Forex Blog: Currency Trading News & Analysis.

August 31st 2010

Chinese Yuan has Hardly Budged

The frequency of my reports on the Chinese Yuan is admittedly much higher than it used to be. Why? Call it disbelief. More than two months have passed since China revalued its currency, and after a rapid 1% appreciation, the RMB has actually fallen back. Today, it stands only .5% higher against the Dollar compared to June 18. On a trade-weighted basis, it is actually 2.3% lower. What is going on?!

Chinese Yuan Revaluation 2010

It can foremost be attributed to a disconnect between Chinese words and Chinese action. While The People’s Bank of China (PBOC) purportedly supports a stronger, flexible Yuan (“Adopting a more flexible exchange-rate regime serves China’s long-term interests as the benefits…far exceed the cost in reorganising industries and removing outdated capacities.”), in practice, it has prevented the currency from budging. On numerous occasions since supposedly allowing the RMB to appreciate, it has intervened in the forex markets through various shadow dealers to prevent this very outcome.

In fact, China has increased its purchases of South Korean and Japanese sovereign debt, ostensibly as part of its diversification strategy, but more likely to put upward pressure on those currencies. “Data from Japan’s Ministry of Finance show that China bought a net 1.73 trillion yen ($20.3 billion) of Japanese government bonds in the first half of this year, compared with a net sale of 5.9 billion yen ($69 million) a year earlier. That strong demand has been a key factor strengthening the yen in recent weeks.” This could have broad implications, since in the last quarter, China accumulated $81 Billion in new forex reserves, and seems intent on further diversifying out of US Dollar-denominated assets.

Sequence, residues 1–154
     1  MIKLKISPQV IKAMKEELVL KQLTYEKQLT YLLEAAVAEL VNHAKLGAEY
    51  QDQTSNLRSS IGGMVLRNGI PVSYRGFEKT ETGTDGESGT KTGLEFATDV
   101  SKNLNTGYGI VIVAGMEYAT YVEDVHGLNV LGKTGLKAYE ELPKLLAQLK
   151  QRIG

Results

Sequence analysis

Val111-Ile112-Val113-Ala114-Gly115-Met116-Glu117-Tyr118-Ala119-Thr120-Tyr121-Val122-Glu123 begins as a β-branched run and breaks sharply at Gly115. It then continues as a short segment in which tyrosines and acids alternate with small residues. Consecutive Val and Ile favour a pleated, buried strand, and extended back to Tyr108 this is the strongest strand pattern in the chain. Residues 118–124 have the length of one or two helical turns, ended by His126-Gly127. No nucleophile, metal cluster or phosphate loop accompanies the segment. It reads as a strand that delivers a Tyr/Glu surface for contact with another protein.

China Diversifies Forex Reserves
China’s general obstinacy towards in dealing with the Yuan is baffling to market observers, especially given the trade surplus of nearly $30 Billion in June, its largest since January of 2009. In fact, China can be seen moving backwards. It recently inaugurated a pilot program that will allow exporters to hold offshore accounts of foreign currency, which might be expected to relieve some of the upward pressure on both the Yuan and on China’s foreign exchange reserves: “If you don’t force firms to surrender their foreign-exchange proceeds, then they won’t be exchanged for renminbi, which is a source of appreciation pressure.” In this way, China can both limit speculative capital inflows (even by domestic investors) and inflation.

Foreign governments, led by the US, are still threatening action. Senators and Congressmen continue to harp on the issue (it is election season, after all), and are still threatening to slap a tariff on all Chinese imports. However, their efforts are being undermined by both the Department of Treasury (which refuses to label China a “currency manipulator”) and the Department of Commerce, which recently determined that the application of a broad-based tariff on all Chinese imports would violate its mandate.

I have always been cynical about China’s forex policy, on the basis that it is self-interested and disingenuous, and I think the fact that it remains pegged to the USD confirms that sentiment. In the end, China won’t bow to international pressure. It will only allow the Yuan to appreciate after it has determined that its economy won’t be negatively impacted, and even then, the pace will be glacial.

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Posted by Adam Kritzer | in Chinese Yuan (RMB), News | No Comments »

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